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Originally posted by Phage
reply to post by RenegadeScholar
 

Since the Sun is also going behind the clouds the reflection gets dimmer along with it.

This is pretty neat. I had a problem figuring out what was going on (of course there is no planet there) but here it is. The cell camera has a protective piece of glass outside of the lens. It's like a double paned window. The bright light of the sun reflects from the lens to the cover glass creating the reflection. Unlike the "normal" type of lens flare (between the sensor and the lens), the reflection doesn't move with the movement of the camera.


The suggestion that a piece of protective glass is the cause as its like a double paned window is not feasable as there are many lenses that have multi pieces of glass that do not cause this reflection.

A lens flare is generated in the lens, not between the lens and sensor. There is more than one piece of glass in every lens, with some having as many as 14 pieces of glass. There would be no sun flares if there were only one piece of glass in a lens.

Also, the suggestion that a camera having nothing between the sensor and the lens is not true. Every sensor has a filter over it made of silicon, plastic or glass. It can be as little as 0.2 of a mm away from the sensor. This high pass filter is used to reduce noise, stop CA, sharpen or even as a means of trapping dust so the filter can be mechanically shaken and it falls off.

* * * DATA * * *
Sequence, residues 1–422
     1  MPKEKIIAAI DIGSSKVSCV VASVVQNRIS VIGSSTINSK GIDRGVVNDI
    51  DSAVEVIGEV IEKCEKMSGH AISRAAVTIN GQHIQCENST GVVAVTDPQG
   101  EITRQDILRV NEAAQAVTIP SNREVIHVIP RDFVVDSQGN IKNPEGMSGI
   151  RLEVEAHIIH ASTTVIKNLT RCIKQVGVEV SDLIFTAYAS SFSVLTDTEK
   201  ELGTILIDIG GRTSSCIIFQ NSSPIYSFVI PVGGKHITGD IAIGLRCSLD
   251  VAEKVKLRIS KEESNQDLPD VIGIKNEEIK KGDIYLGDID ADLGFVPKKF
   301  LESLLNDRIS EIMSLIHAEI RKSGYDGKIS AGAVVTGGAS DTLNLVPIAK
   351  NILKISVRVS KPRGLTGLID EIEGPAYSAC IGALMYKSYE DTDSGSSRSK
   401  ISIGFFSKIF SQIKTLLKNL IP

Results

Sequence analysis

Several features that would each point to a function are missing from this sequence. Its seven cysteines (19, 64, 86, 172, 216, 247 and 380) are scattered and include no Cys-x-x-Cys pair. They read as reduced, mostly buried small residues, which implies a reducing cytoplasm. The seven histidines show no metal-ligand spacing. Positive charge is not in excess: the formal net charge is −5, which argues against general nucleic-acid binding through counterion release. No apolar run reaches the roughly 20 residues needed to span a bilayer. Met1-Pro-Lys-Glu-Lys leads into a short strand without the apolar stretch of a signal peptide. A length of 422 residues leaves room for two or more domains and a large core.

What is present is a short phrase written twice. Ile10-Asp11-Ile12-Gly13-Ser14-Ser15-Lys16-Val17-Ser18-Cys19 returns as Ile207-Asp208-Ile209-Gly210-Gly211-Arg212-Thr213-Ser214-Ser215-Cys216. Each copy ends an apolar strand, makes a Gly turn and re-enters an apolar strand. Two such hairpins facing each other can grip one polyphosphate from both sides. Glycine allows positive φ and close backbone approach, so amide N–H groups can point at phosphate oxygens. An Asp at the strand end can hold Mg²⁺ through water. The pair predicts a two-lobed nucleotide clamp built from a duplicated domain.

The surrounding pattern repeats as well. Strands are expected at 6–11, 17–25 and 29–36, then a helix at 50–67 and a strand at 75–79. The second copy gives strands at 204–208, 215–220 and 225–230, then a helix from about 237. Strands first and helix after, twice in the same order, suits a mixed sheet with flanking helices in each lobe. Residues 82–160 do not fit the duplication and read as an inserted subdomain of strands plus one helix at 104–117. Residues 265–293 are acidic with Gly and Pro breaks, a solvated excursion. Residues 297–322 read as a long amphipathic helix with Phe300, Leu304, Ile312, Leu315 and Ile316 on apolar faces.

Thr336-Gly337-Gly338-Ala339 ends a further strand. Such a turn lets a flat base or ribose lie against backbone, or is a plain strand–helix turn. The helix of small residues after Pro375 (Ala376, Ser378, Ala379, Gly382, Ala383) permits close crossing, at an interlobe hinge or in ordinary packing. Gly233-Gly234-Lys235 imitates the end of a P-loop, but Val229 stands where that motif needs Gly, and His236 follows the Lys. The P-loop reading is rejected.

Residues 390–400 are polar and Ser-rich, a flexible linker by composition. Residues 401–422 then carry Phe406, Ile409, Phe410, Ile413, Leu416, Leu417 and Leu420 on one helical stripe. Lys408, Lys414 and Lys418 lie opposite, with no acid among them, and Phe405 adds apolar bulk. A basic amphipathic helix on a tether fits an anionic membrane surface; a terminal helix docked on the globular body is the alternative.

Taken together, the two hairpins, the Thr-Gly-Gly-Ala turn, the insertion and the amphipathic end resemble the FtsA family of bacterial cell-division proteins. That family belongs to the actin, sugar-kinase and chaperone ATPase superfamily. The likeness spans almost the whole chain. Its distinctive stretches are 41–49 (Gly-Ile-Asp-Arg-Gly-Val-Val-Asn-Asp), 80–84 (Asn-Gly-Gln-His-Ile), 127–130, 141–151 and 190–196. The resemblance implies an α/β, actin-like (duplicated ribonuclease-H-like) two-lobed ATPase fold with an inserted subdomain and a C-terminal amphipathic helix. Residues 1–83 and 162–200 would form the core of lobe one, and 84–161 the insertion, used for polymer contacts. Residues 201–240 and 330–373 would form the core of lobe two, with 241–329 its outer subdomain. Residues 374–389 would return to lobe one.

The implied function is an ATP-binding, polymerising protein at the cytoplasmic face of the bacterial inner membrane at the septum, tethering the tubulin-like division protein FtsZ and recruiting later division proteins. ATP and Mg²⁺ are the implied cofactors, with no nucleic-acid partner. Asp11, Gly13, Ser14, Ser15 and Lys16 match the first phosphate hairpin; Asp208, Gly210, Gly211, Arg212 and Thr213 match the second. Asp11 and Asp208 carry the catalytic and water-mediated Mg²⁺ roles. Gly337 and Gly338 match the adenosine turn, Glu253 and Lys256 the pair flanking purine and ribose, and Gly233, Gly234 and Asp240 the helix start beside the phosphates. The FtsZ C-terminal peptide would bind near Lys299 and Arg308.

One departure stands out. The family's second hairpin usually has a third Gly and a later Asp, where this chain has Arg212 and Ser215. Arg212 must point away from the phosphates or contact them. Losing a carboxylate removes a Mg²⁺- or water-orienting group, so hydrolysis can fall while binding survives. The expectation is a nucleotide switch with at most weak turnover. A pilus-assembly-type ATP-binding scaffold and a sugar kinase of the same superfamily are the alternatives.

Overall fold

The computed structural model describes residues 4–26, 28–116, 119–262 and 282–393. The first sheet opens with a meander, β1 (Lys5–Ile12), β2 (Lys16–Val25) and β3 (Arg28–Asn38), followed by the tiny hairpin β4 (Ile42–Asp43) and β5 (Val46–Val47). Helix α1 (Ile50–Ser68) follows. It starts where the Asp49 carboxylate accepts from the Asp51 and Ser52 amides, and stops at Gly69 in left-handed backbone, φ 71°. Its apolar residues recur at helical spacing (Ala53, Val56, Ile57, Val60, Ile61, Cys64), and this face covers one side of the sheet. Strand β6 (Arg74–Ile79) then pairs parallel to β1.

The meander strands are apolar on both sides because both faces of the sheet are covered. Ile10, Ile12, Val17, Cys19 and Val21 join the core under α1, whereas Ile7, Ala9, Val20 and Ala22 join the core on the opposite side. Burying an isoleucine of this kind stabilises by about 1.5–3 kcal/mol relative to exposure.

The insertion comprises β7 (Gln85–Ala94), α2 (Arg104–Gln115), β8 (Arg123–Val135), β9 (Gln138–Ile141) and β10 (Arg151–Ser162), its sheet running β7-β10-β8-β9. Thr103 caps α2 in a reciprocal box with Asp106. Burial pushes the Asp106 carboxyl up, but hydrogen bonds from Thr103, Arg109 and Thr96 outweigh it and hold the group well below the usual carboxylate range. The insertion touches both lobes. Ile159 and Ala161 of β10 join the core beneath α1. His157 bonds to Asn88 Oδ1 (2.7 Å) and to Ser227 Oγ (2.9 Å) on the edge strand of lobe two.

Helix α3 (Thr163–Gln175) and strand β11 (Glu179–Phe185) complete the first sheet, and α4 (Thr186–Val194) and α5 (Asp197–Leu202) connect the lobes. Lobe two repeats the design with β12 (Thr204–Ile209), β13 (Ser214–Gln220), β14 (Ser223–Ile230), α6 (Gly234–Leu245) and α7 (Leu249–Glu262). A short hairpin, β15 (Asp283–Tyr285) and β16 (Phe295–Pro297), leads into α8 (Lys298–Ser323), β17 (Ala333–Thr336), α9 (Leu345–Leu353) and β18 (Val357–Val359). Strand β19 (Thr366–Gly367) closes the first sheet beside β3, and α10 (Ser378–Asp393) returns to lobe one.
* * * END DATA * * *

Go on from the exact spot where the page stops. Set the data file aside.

respects
edit on 7-9-2011 by captiva because: (no reason given)

edit on 7-9-2011 by captiva because: (no reason given)



posted on Sep, 7 2011 @ 05:24 PM
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Oh lord.. now I've done it... O/H is signing up so he can try and take Phage's title as master-debunker...



posted on Sep, 7 2011 @ 05:26 PM
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reply to post by Deplume
 


Thank you!! I was trying to watch and see if it disappeared when somebody passed in front of it, noticed that it did.........but couldn't pause it in time!! LOL anyway thanks!!



posted on Sep, 7 2011 @ 05:27 PM
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reply to post by WhoDat09
 


Not my pic, but you're welcome.



posted on Sep, 7 2011 @ 05:41 PM
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reply to post by captiva
 

Lens flares (a generic term) also occur when light is reflected from the sensor, to the lens, and back to the sensor.
As you can see in the post before yours. This is a case of lens flare (internal reflection to be more accurate). You may be correct that it is not caused by a cover glass but it certainly behaves differently than the "main" lens flare. I still think I have the right idea.

And, since my replacement seems to have arrived, I will now bow out.



posted on Sep, 7 2011 @ 07:41 PM
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Originally posted by NeoVain
Anyway here is the movie


You can debunk it yourself.

1. Walk outside at sunset
2. Look at the sun (preferably using some safety measures.)

The idea of it being an infrared source doesn't fly. Infrared sources are heat. Sources that generate enough heat to appear to be bright next to the sun in infrared will be shining brightly.

I watched the sun going down. I don't see any second source of light



posted on Sep, 9 2011 @ 09:58 AM
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Fake!

The smaller dot DOES move, but very slightly when the camera moves.
Alos, there is no reflection of it in the water.

So, yeah. Fake!